Thanks Shawn!

I made the adjustment to /etc/hosts, and now all's well. This also fixed an underlying problem that I hadn't noticed at the time I send my query .. that only one Solr server was actually running. Turns out that Zookeeper saw them all as and didn't let the other instances fully start up.

These were brand new, fresh, Ubuntu installs. Strange that the /etc/hosts isn't set up to handle this.


On 2/28/18 8:48 PM, Shawn Heisey wrote:
On 2/28/2018 5:42 PM, Scott Prentice wrote:
We initially tested our Solr Cloud implementation on a single VM with 3 Solr servers and 3 Zookeeper servers. Once that seemed good, we moved to 3 VMs with 1 Solr/Zookeeper on each. That's all looking good, but in the Solr Admin > Cloud > Graph, all of my shard replicas are on "" .. with the single VM setup it listed the port number so you could tell which "server" it was on.

Is there some way to get the shard replicas to list with the actual IPs of the server that the replica is on, rather than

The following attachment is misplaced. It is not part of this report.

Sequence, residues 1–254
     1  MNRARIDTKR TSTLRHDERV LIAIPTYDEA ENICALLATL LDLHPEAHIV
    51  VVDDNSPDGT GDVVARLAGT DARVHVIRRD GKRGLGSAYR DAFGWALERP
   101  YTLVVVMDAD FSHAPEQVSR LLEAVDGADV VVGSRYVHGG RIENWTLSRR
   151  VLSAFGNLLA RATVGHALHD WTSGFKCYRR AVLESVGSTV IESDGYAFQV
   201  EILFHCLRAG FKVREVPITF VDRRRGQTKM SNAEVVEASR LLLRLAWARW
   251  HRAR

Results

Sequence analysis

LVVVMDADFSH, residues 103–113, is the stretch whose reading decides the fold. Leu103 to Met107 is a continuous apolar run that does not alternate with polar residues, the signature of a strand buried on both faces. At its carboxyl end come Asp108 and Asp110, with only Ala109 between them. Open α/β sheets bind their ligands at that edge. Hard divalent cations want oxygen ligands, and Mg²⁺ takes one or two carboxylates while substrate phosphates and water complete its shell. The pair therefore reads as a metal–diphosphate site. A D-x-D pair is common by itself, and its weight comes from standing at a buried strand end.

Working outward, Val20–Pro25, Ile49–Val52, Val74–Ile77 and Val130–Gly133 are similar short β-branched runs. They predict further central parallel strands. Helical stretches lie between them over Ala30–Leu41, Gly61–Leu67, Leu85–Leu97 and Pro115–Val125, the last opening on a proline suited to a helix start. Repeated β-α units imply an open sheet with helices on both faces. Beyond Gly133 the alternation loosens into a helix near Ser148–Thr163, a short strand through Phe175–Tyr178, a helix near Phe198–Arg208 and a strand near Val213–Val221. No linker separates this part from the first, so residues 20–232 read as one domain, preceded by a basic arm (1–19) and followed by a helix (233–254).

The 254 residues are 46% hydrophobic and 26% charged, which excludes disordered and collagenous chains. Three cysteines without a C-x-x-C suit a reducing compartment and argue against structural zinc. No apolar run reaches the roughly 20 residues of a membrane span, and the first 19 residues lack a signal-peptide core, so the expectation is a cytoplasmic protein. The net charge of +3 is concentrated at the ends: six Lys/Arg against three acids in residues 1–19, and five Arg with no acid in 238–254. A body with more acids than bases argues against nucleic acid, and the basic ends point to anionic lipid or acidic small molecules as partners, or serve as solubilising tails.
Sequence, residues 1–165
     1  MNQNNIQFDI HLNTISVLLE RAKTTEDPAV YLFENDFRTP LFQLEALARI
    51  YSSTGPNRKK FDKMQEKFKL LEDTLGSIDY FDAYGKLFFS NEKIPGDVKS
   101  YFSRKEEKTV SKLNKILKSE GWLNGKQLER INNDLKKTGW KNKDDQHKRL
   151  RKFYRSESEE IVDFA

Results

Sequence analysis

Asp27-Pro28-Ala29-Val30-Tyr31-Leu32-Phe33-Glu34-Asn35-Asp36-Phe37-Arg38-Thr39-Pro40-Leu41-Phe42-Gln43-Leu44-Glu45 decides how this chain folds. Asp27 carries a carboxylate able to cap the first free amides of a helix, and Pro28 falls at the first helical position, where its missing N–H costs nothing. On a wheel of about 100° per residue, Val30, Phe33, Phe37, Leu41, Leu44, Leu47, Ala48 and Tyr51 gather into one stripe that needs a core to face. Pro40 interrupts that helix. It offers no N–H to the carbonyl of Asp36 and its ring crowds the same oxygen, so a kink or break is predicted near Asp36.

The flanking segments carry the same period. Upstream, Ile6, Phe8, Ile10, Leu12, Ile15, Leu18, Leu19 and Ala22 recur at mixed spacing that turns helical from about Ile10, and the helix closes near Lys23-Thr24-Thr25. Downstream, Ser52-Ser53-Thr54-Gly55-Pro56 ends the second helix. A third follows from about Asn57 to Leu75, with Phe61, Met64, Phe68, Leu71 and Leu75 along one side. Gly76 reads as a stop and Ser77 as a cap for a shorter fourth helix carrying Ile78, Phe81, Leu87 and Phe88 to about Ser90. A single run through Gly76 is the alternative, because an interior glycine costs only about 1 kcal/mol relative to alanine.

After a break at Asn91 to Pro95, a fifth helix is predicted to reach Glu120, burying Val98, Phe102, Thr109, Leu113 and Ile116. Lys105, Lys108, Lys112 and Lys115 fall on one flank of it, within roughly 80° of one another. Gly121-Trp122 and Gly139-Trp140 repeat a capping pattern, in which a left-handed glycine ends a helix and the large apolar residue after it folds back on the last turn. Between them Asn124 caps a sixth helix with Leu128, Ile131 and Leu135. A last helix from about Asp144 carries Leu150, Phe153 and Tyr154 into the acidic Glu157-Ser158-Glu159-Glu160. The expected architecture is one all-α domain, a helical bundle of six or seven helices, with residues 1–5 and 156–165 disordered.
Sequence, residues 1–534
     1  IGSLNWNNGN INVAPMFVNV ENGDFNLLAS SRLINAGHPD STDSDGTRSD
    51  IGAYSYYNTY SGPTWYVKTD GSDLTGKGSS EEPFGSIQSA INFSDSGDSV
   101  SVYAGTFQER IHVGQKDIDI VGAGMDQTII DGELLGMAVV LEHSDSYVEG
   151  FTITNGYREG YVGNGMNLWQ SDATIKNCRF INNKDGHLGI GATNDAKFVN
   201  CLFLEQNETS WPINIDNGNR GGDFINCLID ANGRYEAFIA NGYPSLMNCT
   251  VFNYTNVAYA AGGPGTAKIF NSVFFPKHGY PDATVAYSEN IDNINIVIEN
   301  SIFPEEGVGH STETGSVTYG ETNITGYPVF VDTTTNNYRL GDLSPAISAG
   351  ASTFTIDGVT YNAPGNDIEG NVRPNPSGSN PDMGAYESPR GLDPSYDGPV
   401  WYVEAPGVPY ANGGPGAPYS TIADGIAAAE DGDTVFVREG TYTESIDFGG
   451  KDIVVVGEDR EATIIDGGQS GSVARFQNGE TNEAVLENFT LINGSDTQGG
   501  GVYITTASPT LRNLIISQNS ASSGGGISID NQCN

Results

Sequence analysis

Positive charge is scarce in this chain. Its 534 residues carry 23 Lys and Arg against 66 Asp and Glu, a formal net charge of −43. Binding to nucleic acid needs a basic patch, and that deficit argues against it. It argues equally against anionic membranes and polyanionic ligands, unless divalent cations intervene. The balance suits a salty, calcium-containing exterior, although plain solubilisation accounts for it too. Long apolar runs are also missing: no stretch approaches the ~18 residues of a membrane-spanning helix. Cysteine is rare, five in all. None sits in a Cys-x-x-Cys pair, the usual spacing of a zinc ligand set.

That is not going to work if those are separate machines.

There are two ways to fix this.

One is to figure out why Java is choosing a loopback address when it attempts to detect the machine's hostname.  I'm almost certain that /etc/hosts is set up incorrectly.  In my opinion, a typical /etc/hosts file should have two IPv4 lines, one defining localhost as, and another defining the machine's actual IP address as both the fully qualified domain name and the short hostname. An example:       localhost    smeagol

The machine's hostname should not be found on any line that does not have a real IP address on it.

The other way to solve the problem is to specify the "host" system property to override Java's detection of the machine address/hostname.  You can either add a commandline option to set the property, or add it to solr.xml.  Note that if your solr.xml file is in zookeeper, then you can't use solr.xml.  This is because with solr.xml in zookeeper, every machine would have the same host definition, and that won't work.


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